Monday, January 28, 2008

The Return of Mrs. Jana. v.2.0 (The ReWenge)

Due to various complicated reasons, the most complicated of which was probably laziness on my part, and not much helped by the inherent difficulties of the conditional mood, I haven't had Czech lessons with Mrs. Jana for over a year now. (my very, very, very bad).

All that changed one rainy day a couple of weeks ago, when, propelled by one of my more feeble-minded and naïve New Year's resolutions, she relaunched herself and exploded smack-bang in the middle of my normally innocent weekly round of activities. Thunder would have probably rolled quite ominously, if I had not forgotten my words-for-discussing-the-weather in Czech and so pretended not to notice. Besides, I was mesmerised by her steely will (not steely wool - that's still in a cupboard under the sink for cleaning the oven) and savage glint in her eye.

The first lessons have concentrated on revision. They went a bit like this:

Mrs J.: (in Czech) "Today we are discussing nouns and adjectives. What are the 3 genders and how do they decline?"
Me: (in Czech) "Huh?"
Mrs. J.: (in Czech, but more slowly) "Today… we… talk… about… nouns… What… are… types… of… nouns?"
Draws three columns on a blank sheet of paper
Me: (in English, but with a fake Czech accent) "Ummm… Maskulin*? Feminin*? a Neutr-- Neutr-a-..."
Mrs. J. shakes head, ominously.
Me: "Neutraa--- uum??"
Mrs. J: "Good. Now, what are the endings of these nouns?"
Me: "Uhhh… Feminin* je (Czech for "he/she/it is") '-a'"

Bets firmly hedged at this point, on the grounds that many languages that have genders tend to consider words ending in '-a' to be feminine. Except those Italian Andreas, of course, on whose situation we shall briefly touch later, although probably not when their over-protective signifcant others and loved ones are looking.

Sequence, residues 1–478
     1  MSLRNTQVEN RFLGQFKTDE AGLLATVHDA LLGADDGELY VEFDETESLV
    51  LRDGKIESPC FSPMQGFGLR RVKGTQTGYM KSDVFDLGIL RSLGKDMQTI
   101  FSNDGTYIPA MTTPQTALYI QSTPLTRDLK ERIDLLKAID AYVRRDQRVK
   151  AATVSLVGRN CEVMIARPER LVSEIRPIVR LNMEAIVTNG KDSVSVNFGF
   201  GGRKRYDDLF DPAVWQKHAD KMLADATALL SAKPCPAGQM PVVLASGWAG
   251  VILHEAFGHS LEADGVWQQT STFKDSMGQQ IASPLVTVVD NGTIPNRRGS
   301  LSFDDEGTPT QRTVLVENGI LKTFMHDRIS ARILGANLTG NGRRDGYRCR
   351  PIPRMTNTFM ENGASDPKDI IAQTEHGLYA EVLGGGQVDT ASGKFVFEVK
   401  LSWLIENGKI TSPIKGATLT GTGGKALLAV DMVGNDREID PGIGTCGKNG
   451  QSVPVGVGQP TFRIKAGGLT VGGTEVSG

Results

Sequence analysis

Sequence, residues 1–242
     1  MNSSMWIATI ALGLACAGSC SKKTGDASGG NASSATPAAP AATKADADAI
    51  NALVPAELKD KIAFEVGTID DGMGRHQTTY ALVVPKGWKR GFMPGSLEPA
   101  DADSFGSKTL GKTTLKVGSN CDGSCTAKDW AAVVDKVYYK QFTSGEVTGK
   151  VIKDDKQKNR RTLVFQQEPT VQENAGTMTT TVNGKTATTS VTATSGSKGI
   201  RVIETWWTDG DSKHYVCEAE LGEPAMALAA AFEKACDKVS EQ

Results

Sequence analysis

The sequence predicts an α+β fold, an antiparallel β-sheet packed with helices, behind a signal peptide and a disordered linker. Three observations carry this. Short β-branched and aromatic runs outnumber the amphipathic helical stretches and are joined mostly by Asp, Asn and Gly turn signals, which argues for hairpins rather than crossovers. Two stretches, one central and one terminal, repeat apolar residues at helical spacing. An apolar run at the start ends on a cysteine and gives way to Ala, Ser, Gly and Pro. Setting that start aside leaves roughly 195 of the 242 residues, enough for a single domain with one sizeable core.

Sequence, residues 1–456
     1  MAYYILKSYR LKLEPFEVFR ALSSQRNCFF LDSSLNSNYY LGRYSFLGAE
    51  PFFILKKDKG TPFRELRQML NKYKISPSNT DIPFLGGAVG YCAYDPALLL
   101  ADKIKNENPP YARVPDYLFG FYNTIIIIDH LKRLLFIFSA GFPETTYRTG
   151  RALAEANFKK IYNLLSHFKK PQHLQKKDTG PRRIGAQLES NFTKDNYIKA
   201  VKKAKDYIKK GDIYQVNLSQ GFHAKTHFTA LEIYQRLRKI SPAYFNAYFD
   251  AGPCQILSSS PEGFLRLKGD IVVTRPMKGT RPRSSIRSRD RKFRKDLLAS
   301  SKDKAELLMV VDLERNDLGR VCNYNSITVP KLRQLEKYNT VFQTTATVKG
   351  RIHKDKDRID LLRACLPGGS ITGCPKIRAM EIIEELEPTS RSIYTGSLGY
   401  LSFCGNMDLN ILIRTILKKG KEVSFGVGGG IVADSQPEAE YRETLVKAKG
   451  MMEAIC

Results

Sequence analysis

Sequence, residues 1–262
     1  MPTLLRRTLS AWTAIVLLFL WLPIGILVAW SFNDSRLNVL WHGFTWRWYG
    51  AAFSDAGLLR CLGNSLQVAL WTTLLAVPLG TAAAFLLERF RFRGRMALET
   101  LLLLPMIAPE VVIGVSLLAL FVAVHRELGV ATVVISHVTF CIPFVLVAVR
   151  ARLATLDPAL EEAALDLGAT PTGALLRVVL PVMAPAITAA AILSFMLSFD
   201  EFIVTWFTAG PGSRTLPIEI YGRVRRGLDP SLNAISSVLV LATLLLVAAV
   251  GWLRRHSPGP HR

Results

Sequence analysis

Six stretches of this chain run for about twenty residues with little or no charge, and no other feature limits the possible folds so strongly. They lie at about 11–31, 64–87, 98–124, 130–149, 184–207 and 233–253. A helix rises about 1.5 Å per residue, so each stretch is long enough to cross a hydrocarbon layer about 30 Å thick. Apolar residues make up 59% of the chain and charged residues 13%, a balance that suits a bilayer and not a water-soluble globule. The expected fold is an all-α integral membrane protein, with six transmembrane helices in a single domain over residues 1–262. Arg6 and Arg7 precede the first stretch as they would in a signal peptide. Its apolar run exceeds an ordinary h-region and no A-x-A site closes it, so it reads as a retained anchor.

Mrs. J.: "Good. Now, what are some other feminine endings?"
Me (weakly covering frantic thinking with awkward smile): "Ummm… -ka?"
Mrs. J.: "Yes. But this is like -a. What other endings?"
Me: "Wait! Wait! I know this! -kyně!" (It's pronounced -keenyeh. Or somehow like a reverse "quinoa", but less posh, and not so much of the Karen Blixens/Happy Valley set.)
Mrs. J.: "Good."
Birdsong. The sun comes out.
Me: (now on a roll) "And maskulin* je… without "-a" and without vowel! Je konsonant*"
Angel choirs (theologically speaking, neutrum, I believe) bellow with joy.
Mrs. J.: "Except for?"
Me: "Errr.. Honza?"
Mrs. J.: "Yes. Honza je logicky maskulin. Logically masculine**."

Delirious cheers and rapturous applause all 'round. Big bunches of flowers in gratitude to the angel chorus, with regard to whom I refuse to embroil myself in a debate vis-a-vis masculinity, logical or otherwise. That is clearly a job for those men with beards, tonsures and well-polished pins.

Mrs. J. (cont'd): "Also maskulin are some words that end with -ska." (She writes this down with some emphasis.) "And for neutrum?"
Me: "Words with -e… and -o."
Angels faint with delight.
Mrs. J.: "Good. And what about adjectives?"
sccrreeechh… angels exit, genderstruck

And so the lesson rolls on…

Mrs. J's verdict at the end of my ordeal by revision? "You have remembered a lot. This is good. But it is nothing to do with you, of course. It is only because of my teaching that you have remembered well."

She's right of course. Mrs. Jana is always right.

PS. Other Mrs. Janas are also available. But that is another story, for another time.

*Note. These are not real Czech words, but they are real Czech endings. Handle with Care. Do not attempt to use in the comfort of your own home without the assistance of a specialist.